ficulties and conceiving ^ective remedies. Lastly, such 
a policy would paralyze intellectual activity, enthrone 


reacti<m, and block progress. To protect society from 
disn^tion, however necessary, is merely part of a larger 
whole. Social order must be preserved, because that is 
the vital prerequisite of constructive progress. But — 
conBtrucUve progress must take place. Things cannot be 
left as they are, because under present conditions we are 
headed toward racial impoverishment and cultural de- 
cline. Our chief hope for the future is the scientific spirit. 
But that spirit thrives only on unfettered knowledge and 
truth. Lacking this sustenance, it withers and decays. 
One of Bolshevism's deadly sins is its brutal crushing of 
intellectual freedom. Shall we be guilty of the very crime 
we 80 abhor in our enemies? What a wretched outcome: 
to escape liie destructive tyranny of Bolshevism oaiy 
to fall under the petrifying tyranny of bourbonism ! 

Heaven be praised, humanity is not restricted to so 
poor a choice. Another path lies open— the path of race- 
bett^ment. And science points the way. We already 
know enough to make a sure start, and increasing knowl- 
edge win guide our footst^ as we move on. That is 
the hopeful aspect of the situation. We do not have to 
guess. We know. All we need to do is to apply what 
we have already learned and keep on using our brains.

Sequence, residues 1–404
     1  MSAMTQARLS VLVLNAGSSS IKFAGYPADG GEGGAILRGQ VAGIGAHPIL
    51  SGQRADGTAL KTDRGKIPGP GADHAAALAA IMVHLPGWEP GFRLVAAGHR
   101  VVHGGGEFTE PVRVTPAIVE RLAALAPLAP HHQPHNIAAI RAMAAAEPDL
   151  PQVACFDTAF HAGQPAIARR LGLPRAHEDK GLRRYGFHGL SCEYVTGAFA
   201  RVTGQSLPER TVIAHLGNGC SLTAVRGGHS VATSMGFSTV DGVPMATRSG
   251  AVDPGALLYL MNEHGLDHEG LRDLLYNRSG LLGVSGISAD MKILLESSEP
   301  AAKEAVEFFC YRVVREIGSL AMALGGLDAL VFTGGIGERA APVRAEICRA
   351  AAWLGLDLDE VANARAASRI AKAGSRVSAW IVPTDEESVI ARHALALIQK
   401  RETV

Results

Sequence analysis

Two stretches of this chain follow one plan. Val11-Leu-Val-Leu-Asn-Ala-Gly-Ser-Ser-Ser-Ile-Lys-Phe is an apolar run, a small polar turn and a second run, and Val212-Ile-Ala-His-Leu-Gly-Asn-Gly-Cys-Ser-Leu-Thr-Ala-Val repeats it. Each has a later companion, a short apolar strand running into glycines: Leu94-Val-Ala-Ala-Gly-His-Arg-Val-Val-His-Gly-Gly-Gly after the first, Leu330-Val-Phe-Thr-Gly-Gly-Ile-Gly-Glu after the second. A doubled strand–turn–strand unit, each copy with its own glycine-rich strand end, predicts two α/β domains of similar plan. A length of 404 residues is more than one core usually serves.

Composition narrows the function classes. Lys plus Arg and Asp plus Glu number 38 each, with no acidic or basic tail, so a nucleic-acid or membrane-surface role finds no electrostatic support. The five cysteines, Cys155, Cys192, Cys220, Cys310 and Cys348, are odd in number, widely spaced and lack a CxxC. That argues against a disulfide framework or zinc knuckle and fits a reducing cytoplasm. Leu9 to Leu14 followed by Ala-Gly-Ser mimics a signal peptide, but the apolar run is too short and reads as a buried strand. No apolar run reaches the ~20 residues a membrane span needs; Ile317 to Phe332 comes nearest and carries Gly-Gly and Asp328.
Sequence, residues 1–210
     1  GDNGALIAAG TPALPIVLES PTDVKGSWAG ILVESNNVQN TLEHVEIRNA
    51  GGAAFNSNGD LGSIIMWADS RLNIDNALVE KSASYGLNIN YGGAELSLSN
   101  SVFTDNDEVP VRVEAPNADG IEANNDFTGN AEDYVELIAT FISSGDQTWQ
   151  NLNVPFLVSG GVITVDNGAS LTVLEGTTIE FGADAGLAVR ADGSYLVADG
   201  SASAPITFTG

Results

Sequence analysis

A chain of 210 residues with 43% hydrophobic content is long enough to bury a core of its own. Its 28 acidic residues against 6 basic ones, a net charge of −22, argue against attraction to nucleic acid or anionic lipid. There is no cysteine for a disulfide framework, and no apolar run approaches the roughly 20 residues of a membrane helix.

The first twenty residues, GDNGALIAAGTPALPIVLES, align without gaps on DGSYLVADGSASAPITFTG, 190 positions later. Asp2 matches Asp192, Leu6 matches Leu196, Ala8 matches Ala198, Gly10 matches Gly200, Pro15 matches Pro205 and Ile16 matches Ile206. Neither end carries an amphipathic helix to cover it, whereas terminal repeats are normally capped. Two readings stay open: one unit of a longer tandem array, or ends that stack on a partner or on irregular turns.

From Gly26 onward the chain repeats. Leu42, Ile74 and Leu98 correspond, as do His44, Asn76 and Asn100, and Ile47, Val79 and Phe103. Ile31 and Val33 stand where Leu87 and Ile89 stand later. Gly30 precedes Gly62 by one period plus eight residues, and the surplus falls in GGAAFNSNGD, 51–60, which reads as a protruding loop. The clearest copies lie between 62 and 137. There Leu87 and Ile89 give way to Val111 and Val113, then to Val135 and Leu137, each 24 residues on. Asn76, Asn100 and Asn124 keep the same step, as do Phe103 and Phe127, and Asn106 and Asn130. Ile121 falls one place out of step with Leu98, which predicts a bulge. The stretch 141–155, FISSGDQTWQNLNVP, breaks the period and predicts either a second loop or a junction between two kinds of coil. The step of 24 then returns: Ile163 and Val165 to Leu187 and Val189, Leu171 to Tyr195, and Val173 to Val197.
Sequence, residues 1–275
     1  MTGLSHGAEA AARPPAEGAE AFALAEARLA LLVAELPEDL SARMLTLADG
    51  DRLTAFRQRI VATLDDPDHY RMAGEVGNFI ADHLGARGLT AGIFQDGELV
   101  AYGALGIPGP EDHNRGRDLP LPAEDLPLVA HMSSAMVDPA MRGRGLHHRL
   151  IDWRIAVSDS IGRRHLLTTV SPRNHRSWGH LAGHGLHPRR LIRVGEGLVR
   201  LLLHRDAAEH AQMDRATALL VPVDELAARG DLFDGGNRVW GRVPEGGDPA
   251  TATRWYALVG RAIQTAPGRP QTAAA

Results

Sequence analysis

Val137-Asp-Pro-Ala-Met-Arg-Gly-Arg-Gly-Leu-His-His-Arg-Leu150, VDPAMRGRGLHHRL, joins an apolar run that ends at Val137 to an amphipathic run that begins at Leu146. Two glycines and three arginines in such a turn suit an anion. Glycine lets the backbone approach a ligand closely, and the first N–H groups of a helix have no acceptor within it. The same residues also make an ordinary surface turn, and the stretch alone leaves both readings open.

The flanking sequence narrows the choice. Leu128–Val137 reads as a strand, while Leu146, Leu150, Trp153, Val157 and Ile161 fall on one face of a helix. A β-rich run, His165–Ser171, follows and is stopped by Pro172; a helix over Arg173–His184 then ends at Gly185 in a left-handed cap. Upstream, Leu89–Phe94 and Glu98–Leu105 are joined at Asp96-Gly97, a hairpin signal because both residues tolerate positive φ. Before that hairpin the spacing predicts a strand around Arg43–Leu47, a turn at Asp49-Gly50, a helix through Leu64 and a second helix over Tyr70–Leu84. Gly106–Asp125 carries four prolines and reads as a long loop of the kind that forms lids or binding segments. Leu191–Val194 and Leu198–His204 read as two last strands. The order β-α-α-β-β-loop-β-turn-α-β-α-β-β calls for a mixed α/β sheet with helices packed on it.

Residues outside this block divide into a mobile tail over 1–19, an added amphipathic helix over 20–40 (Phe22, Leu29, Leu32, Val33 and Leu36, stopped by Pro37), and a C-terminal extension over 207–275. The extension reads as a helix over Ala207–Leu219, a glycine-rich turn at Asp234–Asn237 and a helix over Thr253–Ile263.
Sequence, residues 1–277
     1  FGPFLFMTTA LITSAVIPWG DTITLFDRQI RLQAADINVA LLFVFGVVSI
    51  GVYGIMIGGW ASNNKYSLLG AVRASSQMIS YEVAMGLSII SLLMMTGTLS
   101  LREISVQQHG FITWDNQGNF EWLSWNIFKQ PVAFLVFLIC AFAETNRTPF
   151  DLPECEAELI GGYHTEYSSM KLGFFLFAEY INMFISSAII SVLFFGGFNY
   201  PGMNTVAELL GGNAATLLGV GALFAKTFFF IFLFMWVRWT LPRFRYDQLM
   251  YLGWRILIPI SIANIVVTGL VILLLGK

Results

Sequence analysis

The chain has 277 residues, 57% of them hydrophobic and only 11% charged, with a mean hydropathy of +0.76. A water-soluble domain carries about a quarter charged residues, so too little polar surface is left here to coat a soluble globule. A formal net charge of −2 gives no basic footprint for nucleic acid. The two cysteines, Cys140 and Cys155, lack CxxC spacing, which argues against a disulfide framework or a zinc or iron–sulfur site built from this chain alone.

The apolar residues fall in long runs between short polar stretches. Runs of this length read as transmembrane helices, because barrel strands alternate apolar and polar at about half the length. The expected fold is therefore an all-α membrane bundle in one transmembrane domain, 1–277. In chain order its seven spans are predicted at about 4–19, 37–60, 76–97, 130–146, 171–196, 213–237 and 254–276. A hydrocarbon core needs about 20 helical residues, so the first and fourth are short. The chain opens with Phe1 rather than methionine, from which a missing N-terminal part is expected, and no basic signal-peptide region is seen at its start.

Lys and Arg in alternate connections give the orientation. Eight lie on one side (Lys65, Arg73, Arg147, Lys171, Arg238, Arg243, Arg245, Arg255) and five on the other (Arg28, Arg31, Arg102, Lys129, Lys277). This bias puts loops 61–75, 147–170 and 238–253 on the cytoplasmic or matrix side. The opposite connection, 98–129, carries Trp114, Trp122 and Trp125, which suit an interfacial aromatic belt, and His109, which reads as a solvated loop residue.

The result will be such a combined increase of knowledge 
and creative intelligence that many problems, to-day in- 
superable, will solve themselves. 

Furthermore, science, which points the path to the 
future, gives us hope for the present as well. Materially 
the forces of chaos may still be growing, especially 
through racial impoverishment; but morally they are 


being undermined. Science, especial^ biology, is cutting 
the ground from under their feet. Even a decade ago, 
^en erroTB like environmentalism and "natural equal- 
ity" were generally accepted, the Under-Man was able 
to make out a plausible case. To-day the baede impor- 
tance of heredity and the real nature of inferiority are 
becoming more and more widely understood and ^)- 

Indeed, it is this very spread of scientific truth whidi 
accounts laigely for the growing violence of social un- 
rest. Consciously or instinctively the revdution&iy 
leaders feel that the "moral imponderables" have de- 
serted them, and that they must therefore rely more 
and more upon force. Does not Bolshevism admit that 
it cannot peacefully convert the world, but can triumph